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Rev Carla Dunbar visits the White House ... and she didn't talk about sex

Published:Friday | July 15, 2016 | 7:00 AM
Reverend Dr Carla Dunbar (left) and Marion Hall at the White House.

It's not a common experience for Jamaicans to be invited to the White House. However, Reverend Dr Carla Dunbar has joined the locals to have walked into the United States' hall of power.

Dunbar was invited by Dr Agorom Dike, president of the Caribbean African Faith-Based Organisation in Washington DC to the Caribbean/African legislative week of events, June 19 to June 24, to represent the Caribbean, speaking on issues of role reversal and economic advancement of women.

This was held at the US Department of State's Office of Religion and Global Affairs. She was invited to a briefing with members of President Barack Obama's administration at the White House, a forum at the United Stated Congress and a function at Howard University.

 

CARIBBEAN ISSUES

 

So at these events, she did not present on the racy topics of sex and sexuality, for which she is mostly known locally. In fact, Dunbar spoke on a wide range of issues affecting Jamaican nationals, including leniency for Caribbean immigrants after incarceration, and getting US-based Caribbean fathers to support their children in the region, including Jamaica.

Dunbar led the Jamaican delegation to the White House, which included persons such as Marion Hall, formerly Lady Saw, now known by her stage name Minister Hall; retired Archbishop of Kingston, Charles Dufour; Bishop Wellesley Blair; and Nadine Blair.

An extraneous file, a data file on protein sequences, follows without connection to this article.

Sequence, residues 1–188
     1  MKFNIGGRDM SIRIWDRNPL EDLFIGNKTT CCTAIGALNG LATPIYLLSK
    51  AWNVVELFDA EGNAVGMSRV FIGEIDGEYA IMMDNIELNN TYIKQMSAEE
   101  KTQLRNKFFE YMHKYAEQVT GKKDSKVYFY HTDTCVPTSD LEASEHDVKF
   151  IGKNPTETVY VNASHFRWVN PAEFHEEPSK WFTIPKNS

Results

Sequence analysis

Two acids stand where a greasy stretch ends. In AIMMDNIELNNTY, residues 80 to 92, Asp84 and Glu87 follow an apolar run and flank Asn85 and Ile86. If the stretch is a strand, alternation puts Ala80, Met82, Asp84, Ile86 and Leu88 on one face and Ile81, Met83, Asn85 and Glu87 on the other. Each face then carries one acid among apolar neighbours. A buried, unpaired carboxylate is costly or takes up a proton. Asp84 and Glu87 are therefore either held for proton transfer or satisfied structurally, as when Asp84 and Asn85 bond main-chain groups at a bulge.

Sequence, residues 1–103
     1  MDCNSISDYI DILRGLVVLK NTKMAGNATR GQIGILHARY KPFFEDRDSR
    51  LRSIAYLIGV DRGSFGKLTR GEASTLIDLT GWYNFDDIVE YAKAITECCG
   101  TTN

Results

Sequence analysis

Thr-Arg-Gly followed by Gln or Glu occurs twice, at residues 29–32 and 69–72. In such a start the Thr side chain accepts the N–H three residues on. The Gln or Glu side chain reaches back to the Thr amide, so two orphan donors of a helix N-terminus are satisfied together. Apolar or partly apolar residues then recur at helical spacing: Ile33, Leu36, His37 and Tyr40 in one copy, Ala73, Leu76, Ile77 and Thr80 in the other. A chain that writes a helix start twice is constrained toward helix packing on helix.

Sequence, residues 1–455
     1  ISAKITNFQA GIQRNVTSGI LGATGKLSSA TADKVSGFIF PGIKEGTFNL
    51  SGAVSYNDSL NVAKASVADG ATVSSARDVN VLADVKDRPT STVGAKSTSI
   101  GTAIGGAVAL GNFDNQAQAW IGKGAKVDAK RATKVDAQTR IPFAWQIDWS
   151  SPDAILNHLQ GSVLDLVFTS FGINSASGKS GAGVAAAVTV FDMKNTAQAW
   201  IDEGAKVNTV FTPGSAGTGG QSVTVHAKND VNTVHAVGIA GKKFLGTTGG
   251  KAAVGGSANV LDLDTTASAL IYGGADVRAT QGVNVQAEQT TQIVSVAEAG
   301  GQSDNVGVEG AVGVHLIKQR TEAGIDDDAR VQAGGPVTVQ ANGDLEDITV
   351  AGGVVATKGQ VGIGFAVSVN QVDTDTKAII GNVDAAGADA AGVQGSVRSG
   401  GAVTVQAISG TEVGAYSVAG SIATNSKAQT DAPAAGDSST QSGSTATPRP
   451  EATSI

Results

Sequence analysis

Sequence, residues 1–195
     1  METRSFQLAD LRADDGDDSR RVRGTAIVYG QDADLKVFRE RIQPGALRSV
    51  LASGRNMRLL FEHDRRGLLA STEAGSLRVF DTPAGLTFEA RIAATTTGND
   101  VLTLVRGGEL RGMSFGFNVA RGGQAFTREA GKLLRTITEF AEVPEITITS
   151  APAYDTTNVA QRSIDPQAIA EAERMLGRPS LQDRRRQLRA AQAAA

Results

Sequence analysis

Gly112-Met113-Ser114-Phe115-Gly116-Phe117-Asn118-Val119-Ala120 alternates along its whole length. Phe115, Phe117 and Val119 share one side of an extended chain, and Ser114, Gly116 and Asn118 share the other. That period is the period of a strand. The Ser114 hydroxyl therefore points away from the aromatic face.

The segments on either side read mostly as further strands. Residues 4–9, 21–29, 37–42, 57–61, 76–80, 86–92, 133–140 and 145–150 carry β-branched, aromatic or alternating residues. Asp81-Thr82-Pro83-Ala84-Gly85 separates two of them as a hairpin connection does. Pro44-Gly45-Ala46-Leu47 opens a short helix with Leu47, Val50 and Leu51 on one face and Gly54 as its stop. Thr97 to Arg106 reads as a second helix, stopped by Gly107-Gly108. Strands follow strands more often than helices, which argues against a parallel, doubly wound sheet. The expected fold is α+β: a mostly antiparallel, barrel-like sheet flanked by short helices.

President Obama was not present while they were there, Dunbar said, due to the shooting in Orlando, Florida, in which 49 persons were gunned down at a gay nightclub. Her audience, however, included delegations from Caribbean and African countries - mainly pastors and leaders of faith-based institutions.

She described the experience as "simply awesome", even though the security to get in was "tight and heavy".

"We had started security processes from as far back as January to go through," she told The Gleaner.

She noted that some persons were turned back from the event because people were chosen from a list, which was eventually downsized.

Archbishop Charles Dufour and Bishop Wellesley Blair were honoured at an awards gala, part of the Annual International Leadership Conference, established by The Caribbean and African Faith-Based Leadership Conference in partnership with the White House Office of Faith-Based and Neighbourhood Partnerships.

- Mikhail Williams